Zion Lutheran church in Snohomish celebrating 125 years
A special service is being planned for Sunday, May 7
Pastor Gary Jensen speaks to his congregation during the late Sunday morning service April 30 at Zion Evangelical Lutheran Church in Snohomish. The church will be hosting a special service Sunday, May 7 and an open house later that day from 3 to 5 p.m. for its 125th anniversary.
SNOHOMISH — One hundred twenty-five years of congregation, baptisms, confirmations, song, praise and, most of all, community — Zion Evangelical Lutheran Church’s history is as rich as its devotion of its members and they want to keep it up for future generations.
The congregation of around 80 members has been working to promote the church in the community, keep up the old building and stay active in their pursuit of the church’s various missions.
The 125th Anniversary marks a special occasion on the church’s calendar. The church will host an open house and ice cream social on Sunday, May 7 from 3 to 5 p.m. along with a special worship service at 2 p.m. The president of the LCMS Northwest District President Paul Linnemann will be preaching.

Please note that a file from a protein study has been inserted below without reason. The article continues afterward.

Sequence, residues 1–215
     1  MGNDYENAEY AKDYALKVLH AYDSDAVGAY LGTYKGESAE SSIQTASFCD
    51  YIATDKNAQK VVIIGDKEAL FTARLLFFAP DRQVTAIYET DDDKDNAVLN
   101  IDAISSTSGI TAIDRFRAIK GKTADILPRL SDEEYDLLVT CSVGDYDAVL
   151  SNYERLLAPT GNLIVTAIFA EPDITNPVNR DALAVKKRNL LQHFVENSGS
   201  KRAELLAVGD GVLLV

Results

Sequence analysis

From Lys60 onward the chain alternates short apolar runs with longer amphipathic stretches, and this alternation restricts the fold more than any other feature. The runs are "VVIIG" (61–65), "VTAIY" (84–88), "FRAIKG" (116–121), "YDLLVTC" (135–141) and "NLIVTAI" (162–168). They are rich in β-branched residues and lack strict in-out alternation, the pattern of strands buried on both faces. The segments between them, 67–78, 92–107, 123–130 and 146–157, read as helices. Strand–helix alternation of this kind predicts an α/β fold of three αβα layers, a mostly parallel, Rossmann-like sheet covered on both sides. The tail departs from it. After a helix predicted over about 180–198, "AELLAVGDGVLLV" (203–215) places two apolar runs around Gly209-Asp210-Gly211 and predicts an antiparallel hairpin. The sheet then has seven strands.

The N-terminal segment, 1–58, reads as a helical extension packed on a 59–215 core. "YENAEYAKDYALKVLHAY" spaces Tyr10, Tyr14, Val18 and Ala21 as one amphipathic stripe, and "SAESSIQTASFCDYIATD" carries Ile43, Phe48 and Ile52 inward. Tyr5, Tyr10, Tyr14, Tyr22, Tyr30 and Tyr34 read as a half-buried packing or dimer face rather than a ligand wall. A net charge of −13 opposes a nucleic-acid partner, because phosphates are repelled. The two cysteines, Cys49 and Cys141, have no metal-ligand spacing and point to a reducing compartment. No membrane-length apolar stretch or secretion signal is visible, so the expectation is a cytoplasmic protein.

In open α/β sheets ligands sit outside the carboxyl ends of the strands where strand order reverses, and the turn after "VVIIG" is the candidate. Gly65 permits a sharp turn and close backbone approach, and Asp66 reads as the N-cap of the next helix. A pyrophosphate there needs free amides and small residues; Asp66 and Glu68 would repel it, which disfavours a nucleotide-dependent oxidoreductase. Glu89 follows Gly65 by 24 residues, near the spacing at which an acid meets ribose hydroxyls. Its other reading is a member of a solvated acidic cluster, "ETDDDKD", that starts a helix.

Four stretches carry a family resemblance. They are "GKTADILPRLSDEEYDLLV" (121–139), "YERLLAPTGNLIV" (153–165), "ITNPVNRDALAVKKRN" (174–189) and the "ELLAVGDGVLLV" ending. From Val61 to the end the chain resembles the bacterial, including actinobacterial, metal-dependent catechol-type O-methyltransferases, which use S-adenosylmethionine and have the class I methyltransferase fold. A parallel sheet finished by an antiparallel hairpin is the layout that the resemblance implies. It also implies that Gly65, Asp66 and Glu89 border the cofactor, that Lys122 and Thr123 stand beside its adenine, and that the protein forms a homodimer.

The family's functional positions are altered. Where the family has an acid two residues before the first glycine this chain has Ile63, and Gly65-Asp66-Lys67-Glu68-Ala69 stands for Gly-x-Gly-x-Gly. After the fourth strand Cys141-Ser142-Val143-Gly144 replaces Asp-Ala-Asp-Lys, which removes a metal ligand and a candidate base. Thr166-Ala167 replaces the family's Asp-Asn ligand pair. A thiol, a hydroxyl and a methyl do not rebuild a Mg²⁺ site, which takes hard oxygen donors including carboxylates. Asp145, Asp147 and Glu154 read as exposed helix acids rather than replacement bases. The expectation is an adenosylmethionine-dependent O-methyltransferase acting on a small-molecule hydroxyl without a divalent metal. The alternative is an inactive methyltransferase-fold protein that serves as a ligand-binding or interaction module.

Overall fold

Last week, the Tribune caught up with “Pastor Gary” Gary Jensen, Congregation President Dean Randall and longtime member Carolyn Jensen (who is not related to Pastor Gary). The group was happy to chat about the church at 329 Ave. A, which they call “Zion,” even with the repairs and maintenance going on in the midst. The organ repairmen were tuning the instrument in the main sanctuary, which boasts high white ceilings and huge
stained glass windows, while others were dusting and preparing the sanctuary for the anniversary service and open house.
It was a busy, partly-sunny Thursday morning.
“We were the second church in the state, for our denomination, so it’s been around a long time and active in the community for 125 years,”said Randall. “I guess it’s important to reflect back on what has happened with our church, how we’ve impacted the community, and we’re also looking ahead to see how in the future we will be interfacing with the community.”